Homeless | TeenInk


November 28, 2011
By gracebrindle DIAMOND, Westfield, New Jersey
gracebrindle DIAMOND, Westfield, New Jersey
54 articles 27 photos 1 comment

Favorite Quote:
"People are screwed up in this world. I'd rather be with someone screwed up and open about it than somebody perfect and ready to explode." - Ned Vizzini, It's Kind of a Funny Story

Each day, I wait patiently outside, hoping but never receiving the glimpse of her I want. I get madder each day, crazier, until my thoughts rocket off the inside of my brain, reflecting off its soft pink walls like a trampoline, looking for an escape route but finding none.

Stop thinking, I tell myself. Stop thinking. I have done this for a while now, my thoughts are resting, hidden, invisible, and I stare blankly at the passer-by’s with no thoughts but the empty memory of her face that night. It’s been so long, who says I can remember? What if my memory is feigned, not real, a dream, a fantasy? I shudder. Stop thinking.

Laying on the bench, no--my bench, the one I have owned for the past year, the one I have slept on each night, ate on each night, sat on and used to search for her each night. I have become a stranger to myself.

I have learned not to hope over time, it destroys you, crushes you, implodes, but somehow a small glimmer must have escaped the clutches of my dreariness because still, I wait.

In my free time, I contemplate ways of suicide. Jumping in front of a train, off a building, in front of a car, having my ribs pulled apart, my heart pried open, my brain smashed against concrete. Headlines would appear in the newspaper surely, Homeless Man Commits Suicide, there would be a small flurry of feigned sympathy and then they would flip to the next page, feigning sympathy for the next victim of rocketing thoughts.

I think of her face, tears streaming at the man she once knew, weeping for his name, his old personality, the way he used to hold her. She would have no one to comfort her, hold her, tell her it’s alright. I contort my face into a quick grimace and look away.

A cardboard sign sits next to me along with a jar filled with empty pennies. The sign reads one sentence, “Help me.”

Few people do.

Ignorance, it’s always the ignorant ones who feed me their money, not knowing that most of it will go towards beer and cigarettes. Thank God for ignorant people, I snicker. The most I’ve received was a fifty dollar bill, used on a empty Friday night of which I have no memory except for the flash of bright lights and the names of alcoholic drinks.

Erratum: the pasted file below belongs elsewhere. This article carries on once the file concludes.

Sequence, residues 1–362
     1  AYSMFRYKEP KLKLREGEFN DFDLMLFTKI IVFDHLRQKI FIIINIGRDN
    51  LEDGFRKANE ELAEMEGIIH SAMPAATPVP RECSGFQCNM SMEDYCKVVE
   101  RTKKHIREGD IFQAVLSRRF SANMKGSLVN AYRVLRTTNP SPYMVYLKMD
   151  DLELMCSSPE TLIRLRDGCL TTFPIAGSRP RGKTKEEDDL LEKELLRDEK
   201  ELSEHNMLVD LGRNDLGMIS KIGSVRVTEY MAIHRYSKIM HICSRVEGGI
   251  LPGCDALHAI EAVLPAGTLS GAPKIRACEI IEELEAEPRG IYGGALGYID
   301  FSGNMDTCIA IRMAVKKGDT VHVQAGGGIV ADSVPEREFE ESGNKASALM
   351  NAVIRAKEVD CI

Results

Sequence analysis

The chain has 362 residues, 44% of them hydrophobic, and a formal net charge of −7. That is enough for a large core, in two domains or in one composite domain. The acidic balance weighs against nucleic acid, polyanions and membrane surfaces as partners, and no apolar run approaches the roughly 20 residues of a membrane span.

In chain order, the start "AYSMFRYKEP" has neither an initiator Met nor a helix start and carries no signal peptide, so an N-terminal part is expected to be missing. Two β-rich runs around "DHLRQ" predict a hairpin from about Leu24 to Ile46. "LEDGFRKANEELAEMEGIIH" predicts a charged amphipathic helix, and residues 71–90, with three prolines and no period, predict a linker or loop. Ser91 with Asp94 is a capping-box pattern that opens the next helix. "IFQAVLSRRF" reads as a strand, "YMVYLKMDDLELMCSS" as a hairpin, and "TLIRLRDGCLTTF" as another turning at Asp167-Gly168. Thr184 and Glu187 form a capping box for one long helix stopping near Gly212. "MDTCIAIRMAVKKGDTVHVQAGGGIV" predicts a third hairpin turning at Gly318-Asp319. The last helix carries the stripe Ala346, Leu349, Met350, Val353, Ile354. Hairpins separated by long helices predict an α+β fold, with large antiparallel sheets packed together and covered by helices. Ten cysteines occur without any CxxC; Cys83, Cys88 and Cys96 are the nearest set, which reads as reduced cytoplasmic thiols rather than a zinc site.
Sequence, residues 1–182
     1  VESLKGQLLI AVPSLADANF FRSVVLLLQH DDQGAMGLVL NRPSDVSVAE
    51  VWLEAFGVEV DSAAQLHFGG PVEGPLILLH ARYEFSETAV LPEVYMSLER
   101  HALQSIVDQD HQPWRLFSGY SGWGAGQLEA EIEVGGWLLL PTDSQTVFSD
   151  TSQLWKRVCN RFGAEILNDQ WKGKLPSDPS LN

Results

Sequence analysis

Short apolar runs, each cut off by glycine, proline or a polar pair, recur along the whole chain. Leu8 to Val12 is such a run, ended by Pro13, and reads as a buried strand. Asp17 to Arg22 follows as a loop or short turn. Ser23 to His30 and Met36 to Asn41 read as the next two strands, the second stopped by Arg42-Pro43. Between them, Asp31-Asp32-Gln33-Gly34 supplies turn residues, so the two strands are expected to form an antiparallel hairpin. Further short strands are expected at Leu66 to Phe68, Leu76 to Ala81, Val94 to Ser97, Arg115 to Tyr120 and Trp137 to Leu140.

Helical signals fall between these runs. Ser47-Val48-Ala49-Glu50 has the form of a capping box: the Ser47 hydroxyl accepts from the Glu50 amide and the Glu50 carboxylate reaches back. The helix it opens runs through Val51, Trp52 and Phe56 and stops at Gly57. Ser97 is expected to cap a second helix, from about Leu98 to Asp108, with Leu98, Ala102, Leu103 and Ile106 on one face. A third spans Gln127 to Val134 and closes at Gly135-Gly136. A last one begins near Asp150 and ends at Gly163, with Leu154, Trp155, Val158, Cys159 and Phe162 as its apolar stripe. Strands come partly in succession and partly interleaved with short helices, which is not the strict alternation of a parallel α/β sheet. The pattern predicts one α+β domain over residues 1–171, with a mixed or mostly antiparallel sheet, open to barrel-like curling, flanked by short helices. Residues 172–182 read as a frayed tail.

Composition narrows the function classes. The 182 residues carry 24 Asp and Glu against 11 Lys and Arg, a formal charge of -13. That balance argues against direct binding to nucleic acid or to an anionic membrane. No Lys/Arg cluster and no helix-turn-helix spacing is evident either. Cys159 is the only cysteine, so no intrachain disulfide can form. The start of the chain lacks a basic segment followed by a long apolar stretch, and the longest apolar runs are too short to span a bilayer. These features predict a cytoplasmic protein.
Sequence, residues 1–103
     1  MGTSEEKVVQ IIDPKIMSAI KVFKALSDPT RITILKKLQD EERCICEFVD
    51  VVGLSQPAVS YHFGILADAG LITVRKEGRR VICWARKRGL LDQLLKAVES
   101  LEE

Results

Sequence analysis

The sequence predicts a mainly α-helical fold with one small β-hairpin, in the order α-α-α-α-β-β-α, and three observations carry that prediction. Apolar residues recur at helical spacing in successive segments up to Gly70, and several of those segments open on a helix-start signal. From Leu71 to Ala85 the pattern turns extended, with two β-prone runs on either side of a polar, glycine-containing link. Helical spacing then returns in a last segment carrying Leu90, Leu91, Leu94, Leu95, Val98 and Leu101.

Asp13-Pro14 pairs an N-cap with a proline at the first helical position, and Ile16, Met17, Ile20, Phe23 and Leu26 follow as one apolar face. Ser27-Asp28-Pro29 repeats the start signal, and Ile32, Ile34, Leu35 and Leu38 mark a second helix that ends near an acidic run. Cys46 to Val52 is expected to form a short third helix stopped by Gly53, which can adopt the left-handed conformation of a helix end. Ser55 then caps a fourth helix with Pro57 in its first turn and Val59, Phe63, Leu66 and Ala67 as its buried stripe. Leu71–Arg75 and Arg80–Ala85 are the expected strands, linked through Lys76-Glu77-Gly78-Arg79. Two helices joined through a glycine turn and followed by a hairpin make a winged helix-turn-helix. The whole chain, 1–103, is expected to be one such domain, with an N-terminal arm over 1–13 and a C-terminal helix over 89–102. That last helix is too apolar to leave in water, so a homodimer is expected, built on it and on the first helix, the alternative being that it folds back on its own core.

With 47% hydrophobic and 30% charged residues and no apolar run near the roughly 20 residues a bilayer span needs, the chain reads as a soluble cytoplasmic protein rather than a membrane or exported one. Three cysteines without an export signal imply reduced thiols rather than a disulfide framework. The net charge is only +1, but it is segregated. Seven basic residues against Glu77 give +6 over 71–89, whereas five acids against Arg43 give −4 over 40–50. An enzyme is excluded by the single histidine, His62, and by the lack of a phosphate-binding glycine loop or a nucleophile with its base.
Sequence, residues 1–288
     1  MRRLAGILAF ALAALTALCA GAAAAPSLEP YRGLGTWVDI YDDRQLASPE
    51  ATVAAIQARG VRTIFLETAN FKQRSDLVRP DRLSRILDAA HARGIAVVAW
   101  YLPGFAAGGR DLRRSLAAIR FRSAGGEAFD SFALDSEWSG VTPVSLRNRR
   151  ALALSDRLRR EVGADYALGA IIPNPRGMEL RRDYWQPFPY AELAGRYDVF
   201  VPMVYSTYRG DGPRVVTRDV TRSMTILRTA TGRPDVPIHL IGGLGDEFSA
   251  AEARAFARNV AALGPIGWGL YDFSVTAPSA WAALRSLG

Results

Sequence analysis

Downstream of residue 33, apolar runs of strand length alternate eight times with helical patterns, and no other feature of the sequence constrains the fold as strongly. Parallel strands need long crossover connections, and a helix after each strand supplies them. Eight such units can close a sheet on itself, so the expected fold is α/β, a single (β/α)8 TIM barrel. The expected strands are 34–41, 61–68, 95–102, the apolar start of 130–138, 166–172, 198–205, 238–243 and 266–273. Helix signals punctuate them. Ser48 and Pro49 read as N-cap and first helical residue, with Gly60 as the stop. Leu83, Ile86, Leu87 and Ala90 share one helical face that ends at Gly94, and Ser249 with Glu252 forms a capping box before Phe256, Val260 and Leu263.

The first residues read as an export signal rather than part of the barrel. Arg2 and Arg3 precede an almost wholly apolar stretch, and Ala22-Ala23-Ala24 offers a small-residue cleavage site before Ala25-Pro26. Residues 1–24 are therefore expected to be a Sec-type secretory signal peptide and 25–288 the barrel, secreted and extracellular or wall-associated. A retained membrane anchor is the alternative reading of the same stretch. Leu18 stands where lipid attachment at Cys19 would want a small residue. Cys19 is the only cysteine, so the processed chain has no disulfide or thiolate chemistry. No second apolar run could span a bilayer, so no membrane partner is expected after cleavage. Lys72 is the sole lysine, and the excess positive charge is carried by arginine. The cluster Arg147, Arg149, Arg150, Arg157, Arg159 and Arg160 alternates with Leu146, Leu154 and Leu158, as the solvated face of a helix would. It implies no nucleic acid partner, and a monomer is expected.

I don’t notice her until it is almost too late. She walks through the door to the building busily, quickly, hurried, her blonde hair is shorter now. I stand up, a grin spreading over my face and stumble after her, calling her name desperately.

“Melissa! Melissa!”?

She turns, clueless to who is calling her names. I hug her in an embrace and she pulls away, repulsed, and slaps me. It stings, more so because it was from her, a red hand mark is starting to appear on my cheek. I can feel it.

“Go back to sleeping on the sidewalk, you pervert.” she speaks coldly.

“Melissa, it’s me.”

I see the recognition creep up on her face and she stares at me, horrified. “Ben?”

I nod, a grin spread across my face, my beard tickles my lips and then I am ashamed and my smile disappears. I look disheveled. How foolish of me to think she might actually take me back!

“Well how are you?” I can tell she feels uncomfortable, forced into this position, she feels awkward.

“Not the best as you can see.” We both put on forced smiles and chuckle nervous laughs. Fake. That is what everything has been so far, fake.

She keeps glancing at her manicured nails and I notice something I haven’t noticed before, a wedding ring and I stumble back, taking it like a blow to my stomach.

“How long?” It is scarcely a whisper, more of a breath, but I can tell she heard me.

“Excuse me?” She appears genuinely puzzled and I can’t tell if she is acting or not.

“How long have you been married?” My words come out slowly, calm. It scares me.

“Oh.” There is a long pregnant pause filled with staring at chipped nails and then she answers. “Since a month after...we separated, maybe.”

I wouldn’t use the word separated. I’d use, she picked up and left, taking all our belongings. A month? Maybe? Soon, it becomes clear.

“You were cheating on me?” It’s a desperate squeak.

“I’m sorry Ben,” and I can tell she is. “I have to go. I think you need help.”

I stand there and watch as she walks away. She utters a small proper goodbye, more out of politeness than anything else and walks even faster into the building.

And then she is gone and I am back to contemplating thoughts of suicide.

The author's comments:
I wrote this over the summer, it was just a funny, sort of silly idea I had. I was thinking about the homeless people in New York we see lying in the subway and on the streets and how they got there. I was thinking about their pasts and the backgrounds, forgotten and faded, and decided to write a short piece about it.

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